Saturday , May 15 2021

Japan’s Hayabusa2 supplies rock samples from the asteroid Ryugu | Australia



The Japanese space agency has found a capsule with the first rock samples from the surface of the asteroid, which scientists believe could provide an indication of the origin and life of the solar system on our planet.

The spacecraft Hayabusa2 released the small capsule on Saturday and sent it to Earth to transport specimens from the asteroid Ryugu, about 300 million kilometers (180 million miles) away, the Japan Aerospace Research Agency (JAXA) said.

“The capsule collection work at the unloading site was completed,” the agency said on Twitter about four hours after the capsule landed.

“We practiced a lot today … it ended safely.”

The return of the capsule to the world’s first underground asteroid specimens takes place weeks after NASA’s OSIRIS-REx spacecraft successfully touched the surface of the asteroid Bennu. China, meanwhile, said this week that the lunar landing had collected underground specimens and sealed them on a spacecraft to return to Earth as space developing nations compete in their missions.

At the beginning of Sunday, the capsule briefly turned into a bomb of fire as it re-entered the atmosphere 120 km (75 miles) above the Earth.

About 10 km (6 miles) above the ground, the parachute was opened to slow its fall, and beacon signals were sent to indicate its location.

“It was great … It was a beautiful fireball, and I was so surprised,” said Yuci Tsuda, project manager for the JAXA Hayabusa2 project, marking the successful return of the capsule and safe landing from the command post in Sagamihar, near Tokyo.

“I’ve been waiting for this day for six years.”

The capsule descended from 220,000 km (136,700 miles) after it was separated from Hayabusa2 in a complex operation that required precise control.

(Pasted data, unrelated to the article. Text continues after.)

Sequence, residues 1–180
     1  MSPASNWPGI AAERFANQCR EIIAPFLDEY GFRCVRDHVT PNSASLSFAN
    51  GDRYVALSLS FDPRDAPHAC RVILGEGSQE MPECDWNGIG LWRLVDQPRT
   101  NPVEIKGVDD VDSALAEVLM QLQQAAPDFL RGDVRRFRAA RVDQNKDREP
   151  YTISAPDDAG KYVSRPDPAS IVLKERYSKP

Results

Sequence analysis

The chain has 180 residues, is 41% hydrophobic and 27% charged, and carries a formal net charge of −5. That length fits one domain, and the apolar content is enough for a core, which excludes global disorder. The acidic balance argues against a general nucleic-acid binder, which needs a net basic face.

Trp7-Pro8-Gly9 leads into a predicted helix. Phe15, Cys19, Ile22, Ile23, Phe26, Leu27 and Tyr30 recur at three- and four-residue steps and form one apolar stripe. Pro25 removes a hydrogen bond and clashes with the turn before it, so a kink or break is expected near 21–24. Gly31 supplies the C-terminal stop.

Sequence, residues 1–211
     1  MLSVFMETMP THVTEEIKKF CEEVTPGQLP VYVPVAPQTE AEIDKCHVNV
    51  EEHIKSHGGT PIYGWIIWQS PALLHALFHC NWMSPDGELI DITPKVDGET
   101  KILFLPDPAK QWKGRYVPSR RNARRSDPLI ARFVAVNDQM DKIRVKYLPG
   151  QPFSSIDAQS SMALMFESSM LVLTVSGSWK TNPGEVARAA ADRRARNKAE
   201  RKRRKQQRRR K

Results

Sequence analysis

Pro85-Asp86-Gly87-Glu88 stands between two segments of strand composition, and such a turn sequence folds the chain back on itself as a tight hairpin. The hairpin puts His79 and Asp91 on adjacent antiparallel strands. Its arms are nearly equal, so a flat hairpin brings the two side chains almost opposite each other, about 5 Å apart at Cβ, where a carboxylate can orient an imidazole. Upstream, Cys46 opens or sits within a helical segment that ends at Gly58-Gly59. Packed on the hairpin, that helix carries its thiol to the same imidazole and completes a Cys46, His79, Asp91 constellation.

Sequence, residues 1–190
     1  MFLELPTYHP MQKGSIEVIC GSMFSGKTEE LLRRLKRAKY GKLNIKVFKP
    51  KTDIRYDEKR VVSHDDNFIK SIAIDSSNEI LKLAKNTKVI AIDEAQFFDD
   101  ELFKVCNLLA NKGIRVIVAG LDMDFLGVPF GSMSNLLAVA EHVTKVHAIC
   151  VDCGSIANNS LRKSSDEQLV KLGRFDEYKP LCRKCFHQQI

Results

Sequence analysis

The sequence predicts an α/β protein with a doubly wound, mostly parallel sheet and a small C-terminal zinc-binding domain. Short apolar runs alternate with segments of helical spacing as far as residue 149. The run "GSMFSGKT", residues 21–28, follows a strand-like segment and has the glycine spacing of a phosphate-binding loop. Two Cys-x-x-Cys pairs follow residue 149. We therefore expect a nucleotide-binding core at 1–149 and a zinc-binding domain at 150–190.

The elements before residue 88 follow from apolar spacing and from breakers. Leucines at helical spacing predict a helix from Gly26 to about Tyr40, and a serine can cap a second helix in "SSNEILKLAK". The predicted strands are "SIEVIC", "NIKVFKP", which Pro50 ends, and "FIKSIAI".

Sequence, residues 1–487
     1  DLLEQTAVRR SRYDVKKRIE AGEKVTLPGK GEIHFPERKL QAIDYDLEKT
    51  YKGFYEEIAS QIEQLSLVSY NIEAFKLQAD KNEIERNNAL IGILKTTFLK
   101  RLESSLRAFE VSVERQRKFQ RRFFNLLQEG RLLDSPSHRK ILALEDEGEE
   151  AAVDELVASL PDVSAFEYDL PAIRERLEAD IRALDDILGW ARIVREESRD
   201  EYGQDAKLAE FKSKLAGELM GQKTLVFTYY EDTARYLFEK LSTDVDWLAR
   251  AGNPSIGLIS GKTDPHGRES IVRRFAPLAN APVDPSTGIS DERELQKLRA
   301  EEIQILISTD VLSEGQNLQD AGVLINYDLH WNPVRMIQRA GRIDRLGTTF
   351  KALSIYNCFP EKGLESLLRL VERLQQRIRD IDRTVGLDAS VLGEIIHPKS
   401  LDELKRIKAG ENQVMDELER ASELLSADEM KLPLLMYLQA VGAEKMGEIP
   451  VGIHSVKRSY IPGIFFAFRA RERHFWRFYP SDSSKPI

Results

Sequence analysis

About two hours after the capsule re-entered, JAXA said its helicopter search team found the capsule in a planned landing area in a remote, sparsely populated area of ​​Voomera, Australia. The acquisition of a pan-shaped capsule about 40 centimeters (15 inches) in diameter was completed about two hours later.

JAXA officials said they hope to conduct a preliminary safety check in an Australian laboratory and return the capsule to Japan early next week.

It is believed that the material collected from the asteroid has been constant since the formation of the universe. Larger celestial bodies, such as the Earth, underwent radical changes, including heating and solidification, changing the composition of materials on and below their surface.

But “in terms of smaller planets or smaller asteroids, these substances have not melted, and therefore substances that originated 4.6 billion years ago are believed to still exist,” mission leader Makoto Yoshikawa told reporters before the capsule arrived.

In particular, scientists want to find out if the samples contain organic matter that may have helped the life of the seeds on Earth.

“We still do not know the origin of life on Earth, and in carrying out this Hayabusa-2 mission, if we are able to study and understand these organic materials from Ryugu, it is possible that these organic materials were the source of life on Earth,” Yoshikawa said.

Half of the Hayabusa-2 samples will be shared between JAXA, the US space agency NASA and other international organizations, while the rest will be retained for future research as advances in analytical technology progress.

This computer-generated image from JAXA shows the Hayabusa2 spacecraft above the asteroid Ryugu. [File: ISAS/JAXA via AP]

Hayabusa2 is not the end of the mission it began in 2014. It is now embarking on a 10-year one-way journey by a small asteroid called 1998KY26 to carry out possible research, including ways to prevent a meteorite from hitting the Earth.

So far, its mission has been a complete success. Despite the extremely rocky surface of the asteroid, it touched Ryugu twice, and during a year and a half spent near Ryugu, arriving there in June 2018, it successfully collected data and samples.

At its first landing in February 2019, it collected surface dust samples. In a more sophisticated mission, in July of that year, for the first time in space history, it collected underground samples from an asteroid after landing on a crater previously created by blasting the asteroid’s surface.

Asteroids orbiting the sun, but much smaller than the planets, are among the oldest objects in the solar system and can therefore help explain how the Earth evolved.




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